Gadsden State student earns national scholarship

JCR: Journal of Court Reporting, TheJCR.com, JCR WeeklyGadsden State Community College, Gadsden, Ala., announced in a press release issued Jan. 29 that Analisa Arnold is one of two students nationwide to earn the Student Intern Scholarship from the National Court Reporters Foundation. The scholarship is worth $1,000 and is offered to students who are enrolled in NCRA-approved court reporting programs and meet other requirements.

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NCRF announces winners of Frank Sarli Memorial Scholarship and Student Intern Scholarships

The National Court Reporters Foundation (NCRF) has announced that Jared Orozco, a student from Sheridan Technical College in Hollywood, Fla., was named recipient of the 2017 Frank Sarli Memorial Scholarship. The Foundation also announced that Summer Vaughan, a student from College of Court Reporting in Valparaiso, Ind., and Analisa Arnold from Gadsden State Community College in Gadsden, Ala., are the recipients of the 2017 Student Intern Scholarships.

Frank Sarli Memorial Scholarship

“I chose to be a court reporter because I wanted a job that has a relatively flexible schedule to permit me to do volunteer work and dedicate time to being a minister,” said Orozco. “After I finish school, my ultimate goal would be to work in transcribing sermons to expedite their translation so it can be of benefit to people all over the world.” He plans to use the scholarship funds to purchase a much-needed computer as well as CAT software.

Jared Orozco

The Frank Sarli Memorial Scholarship is a $2,000 award, given annually to a high-achieving court reporting student. This scholarship honors the late Frank Sarli, a court reporter who was committed to supporting students through years of service on NCRA’s committees and boards that guide the education of court reporting students. Recipients are nominated by their schools and must meet specific criteria, including:

  • having a GPA of at least 3.5
  • passing at least one of the court reporting program’s Q&A tests at a minimum of 200 wpm
  • possessing all the qualities exemplified by a professional court reporter, including professional attitude, demeanor, dress, and motivation

“When called upon to read back in class, Jared summons his talent to imitate accents, ranging from Darth Vader to Southern drawl, to amuse and enthrall his classmates. However, when it comes to integrity, honesty, professionalism, and altruism, Jared is very serious,” said Aurora Joslyn, CRI, an instructor at Sheridan Technical College. Joslyn added: “Now, thanks to the Frank Sarli Memorial Scholarship award, Jared can proudly take his place among the ranks of professional court reporters equipped with the tools for success.”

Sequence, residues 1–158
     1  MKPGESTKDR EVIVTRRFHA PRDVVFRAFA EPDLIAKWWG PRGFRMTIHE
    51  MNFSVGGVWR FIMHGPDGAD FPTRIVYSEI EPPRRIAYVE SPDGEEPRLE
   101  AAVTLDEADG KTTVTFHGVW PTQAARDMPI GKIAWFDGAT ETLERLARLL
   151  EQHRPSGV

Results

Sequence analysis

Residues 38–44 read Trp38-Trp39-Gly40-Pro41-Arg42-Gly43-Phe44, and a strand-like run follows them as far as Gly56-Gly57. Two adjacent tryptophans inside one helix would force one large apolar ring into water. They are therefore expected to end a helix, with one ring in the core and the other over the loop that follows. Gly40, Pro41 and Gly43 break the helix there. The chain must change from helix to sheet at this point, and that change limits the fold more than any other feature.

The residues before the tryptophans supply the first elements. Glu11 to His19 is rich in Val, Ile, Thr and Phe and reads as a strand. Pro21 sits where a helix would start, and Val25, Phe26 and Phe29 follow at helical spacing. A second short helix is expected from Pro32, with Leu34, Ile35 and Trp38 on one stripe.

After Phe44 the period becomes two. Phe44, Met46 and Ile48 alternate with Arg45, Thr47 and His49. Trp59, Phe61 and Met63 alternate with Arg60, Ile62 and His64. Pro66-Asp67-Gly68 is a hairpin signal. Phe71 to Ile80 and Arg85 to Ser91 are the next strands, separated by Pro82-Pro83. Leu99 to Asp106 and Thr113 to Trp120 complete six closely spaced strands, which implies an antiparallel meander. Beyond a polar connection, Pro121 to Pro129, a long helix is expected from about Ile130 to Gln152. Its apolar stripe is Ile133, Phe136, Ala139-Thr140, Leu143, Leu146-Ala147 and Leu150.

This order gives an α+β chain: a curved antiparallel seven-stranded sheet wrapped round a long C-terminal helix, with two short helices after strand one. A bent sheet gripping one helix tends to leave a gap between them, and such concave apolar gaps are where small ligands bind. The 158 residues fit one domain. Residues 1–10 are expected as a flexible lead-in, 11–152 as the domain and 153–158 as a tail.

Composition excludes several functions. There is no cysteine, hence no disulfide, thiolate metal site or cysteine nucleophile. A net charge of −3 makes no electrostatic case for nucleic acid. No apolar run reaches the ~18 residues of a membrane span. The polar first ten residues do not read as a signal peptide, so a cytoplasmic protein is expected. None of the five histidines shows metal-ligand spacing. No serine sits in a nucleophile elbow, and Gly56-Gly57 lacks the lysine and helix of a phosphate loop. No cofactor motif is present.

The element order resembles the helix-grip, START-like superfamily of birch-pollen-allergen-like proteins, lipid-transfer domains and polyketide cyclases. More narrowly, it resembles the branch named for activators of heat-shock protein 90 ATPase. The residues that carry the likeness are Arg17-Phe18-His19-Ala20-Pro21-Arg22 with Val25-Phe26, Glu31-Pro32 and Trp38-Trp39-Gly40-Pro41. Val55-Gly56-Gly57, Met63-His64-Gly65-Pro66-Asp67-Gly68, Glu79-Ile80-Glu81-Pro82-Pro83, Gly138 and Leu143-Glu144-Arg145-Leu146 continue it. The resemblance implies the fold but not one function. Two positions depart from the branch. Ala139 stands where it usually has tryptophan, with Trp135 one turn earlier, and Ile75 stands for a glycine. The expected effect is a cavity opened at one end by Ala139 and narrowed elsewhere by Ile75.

Student Intern Scholarships

Summer Vaughan

“Court reporting has always been the one job that has stuck out in my mind as my ‘dream job.’ I was always discouraged from going into this career because people are very misinformed about the opportunities available for a court reporter,” said Vaughan, who had pursued a paralegal degree before entering court reporting. “Once I began my court reporting internship, I knew I was right where I had always wanted to be. The reporters I interned with have been so welcoming, helpful, and encouraging. Nearly all of them have continued to follow my journey and have cheered me on every step of the way.” Vaughan plans to put the scholarship funds towards professional software and certification fees.

“Summer will be a successful professional because she has grit. She not only has the skill but the mental fortitude, determination, and desire to be an outstanding court reporter. That same grit or perseverance that took her through court reporting school with honors will be what propels her into a highly accomplished career,” said Nicky Rodriquez, the director of admissions at College of Court Reporting. “Summer is very deserving of this scholarship and will, without a doubt, make a positive impact on the court reporting profession for years to come.”

The Student Intern Scholarship is a $1,000 award, given annually to two high-achieving court reporting students who have completed the internship portion of their education. Recipients are nominated by their schools and must meet specific criteria, including: